We continue to discuss the history of the RSNA. In this section, we are about to highlight the difficulties the society had overcome during the Great Depression, which took place in the United States throughout the 1930s.
While the Depression was taking place, it was noted that the attendance of the RSNA annual meeting was decreasing. Facing this challenge, Donald S. Childs, MD, the RSNA’s secretary-treasurer, and other members thought that the annual meetings should be more inviting to RSNA members. Therefore, they decided to hold a major annual lecture, took place in Memphis at the 1934 RSNA annual meeting, the lecture aimed to highlight the contribution of radiology in medical practice. Moreover, the lecture was named after Russell D. Carman, MD, the former 1923 RSNA president who led the legal battle for journal Radiology against its publishing company. The Carman lecture was conducted by Byrl R. Kirklin, MD, who also succeeded Dr. Carman at the Mayo Clinic.
When 1937 came, RSNA had actually experienced nearly 8 years of economic obstacles. While reviewing the society’s status, RSNA President John D. Camp, MD, and other members understood that without stronger financial base, the society is to face much harder conditions. They also noted that RSNA budget was used to fund projects that were also receiving funds from other radiology organizations such as the American Roentgen Ray Society (ARRS) and the American College of Radiology (ACR), while the two organizations were also facing the same financial difficulties. Realizing this fact, a meeting of intersociety committee was held to discuss how to handle such situation.
Committee members included Edward Chamberlain, MD, Arthur C. Christie, MD, Lowell S. Goin, MD, Eugene P. Pendergrass, MD, and Edward H. Skinner, MD; they had a meeting in Atlantic City and decided that each of the three organizations, RSNA, ARRS and ACR, is to be responsible for a certain role for the next 50 years. The ARRS was to focus its efforts on projects promoting clinical research. Moreover, an extended ACR Board of Chancellors included representatives from the ARRS and the RSNA, in addition to American Radium Society. Furthermore, the ACR was to expand its limited membership, only 100 members back then, to allow the organization to handle the socioeconomic and political issues concerning radiology. The RSNA, on the other hand, was assigned to carry on with holding major educational meetings for 1 week annually, in addition to encouraging and enhancing continuing education from its Syracuse headquarters.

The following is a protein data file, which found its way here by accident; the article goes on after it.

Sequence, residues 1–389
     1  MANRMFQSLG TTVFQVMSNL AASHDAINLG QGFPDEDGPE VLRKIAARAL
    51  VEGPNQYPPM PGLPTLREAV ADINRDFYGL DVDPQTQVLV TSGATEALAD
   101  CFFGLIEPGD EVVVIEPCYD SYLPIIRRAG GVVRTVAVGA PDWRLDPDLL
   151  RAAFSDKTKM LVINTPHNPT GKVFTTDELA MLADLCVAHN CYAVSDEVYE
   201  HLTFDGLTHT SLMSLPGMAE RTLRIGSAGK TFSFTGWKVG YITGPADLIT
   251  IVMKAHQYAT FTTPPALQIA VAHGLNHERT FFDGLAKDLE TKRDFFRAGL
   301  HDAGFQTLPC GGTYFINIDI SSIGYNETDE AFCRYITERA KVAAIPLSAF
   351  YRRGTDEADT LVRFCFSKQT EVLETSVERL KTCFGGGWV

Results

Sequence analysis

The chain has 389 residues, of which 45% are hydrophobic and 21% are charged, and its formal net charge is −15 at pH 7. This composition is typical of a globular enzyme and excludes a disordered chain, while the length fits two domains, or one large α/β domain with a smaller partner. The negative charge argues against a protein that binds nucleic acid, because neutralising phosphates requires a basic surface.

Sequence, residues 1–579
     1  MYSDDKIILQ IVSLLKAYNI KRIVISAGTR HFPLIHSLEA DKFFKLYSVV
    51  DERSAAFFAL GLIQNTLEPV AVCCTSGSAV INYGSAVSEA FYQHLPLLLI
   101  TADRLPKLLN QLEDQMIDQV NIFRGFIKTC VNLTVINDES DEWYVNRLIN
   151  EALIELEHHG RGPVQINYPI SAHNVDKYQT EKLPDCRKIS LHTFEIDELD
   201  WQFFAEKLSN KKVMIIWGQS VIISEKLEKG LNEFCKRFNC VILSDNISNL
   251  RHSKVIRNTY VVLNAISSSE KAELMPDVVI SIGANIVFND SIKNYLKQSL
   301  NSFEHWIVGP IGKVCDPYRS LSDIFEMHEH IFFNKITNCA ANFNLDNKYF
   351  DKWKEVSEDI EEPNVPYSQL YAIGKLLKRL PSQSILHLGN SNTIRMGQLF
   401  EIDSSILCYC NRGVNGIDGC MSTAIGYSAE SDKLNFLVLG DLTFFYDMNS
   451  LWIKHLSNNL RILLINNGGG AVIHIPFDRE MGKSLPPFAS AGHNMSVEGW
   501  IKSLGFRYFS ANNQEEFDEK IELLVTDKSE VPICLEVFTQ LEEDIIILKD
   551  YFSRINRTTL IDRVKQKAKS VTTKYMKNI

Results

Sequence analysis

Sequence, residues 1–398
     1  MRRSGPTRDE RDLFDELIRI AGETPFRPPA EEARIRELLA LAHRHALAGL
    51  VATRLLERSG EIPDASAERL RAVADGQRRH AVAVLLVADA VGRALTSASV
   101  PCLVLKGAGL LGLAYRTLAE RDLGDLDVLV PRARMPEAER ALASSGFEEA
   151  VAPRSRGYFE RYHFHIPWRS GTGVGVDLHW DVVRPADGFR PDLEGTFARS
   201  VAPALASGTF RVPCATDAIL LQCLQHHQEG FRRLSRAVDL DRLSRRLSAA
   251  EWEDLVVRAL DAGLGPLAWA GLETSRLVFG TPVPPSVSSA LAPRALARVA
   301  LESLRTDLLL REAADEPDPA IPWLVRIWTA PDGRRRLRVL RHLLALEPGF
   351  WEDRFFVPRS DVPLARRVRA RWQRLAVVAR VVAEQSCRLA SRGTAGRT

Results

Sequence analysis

In this section, we discussed how RSNA, in addition to other radiology societies, were able to face the major financial obstacles during the Great Depression. We also mentioned that cooperation between radiology organizations such as RSNA, ARRS and ACR, was taking place as a step taken towards limiting costs in addition to assigning each organization a certain role to play, which significantly helped all of them to survive the adverse economic conditions.
To be continued…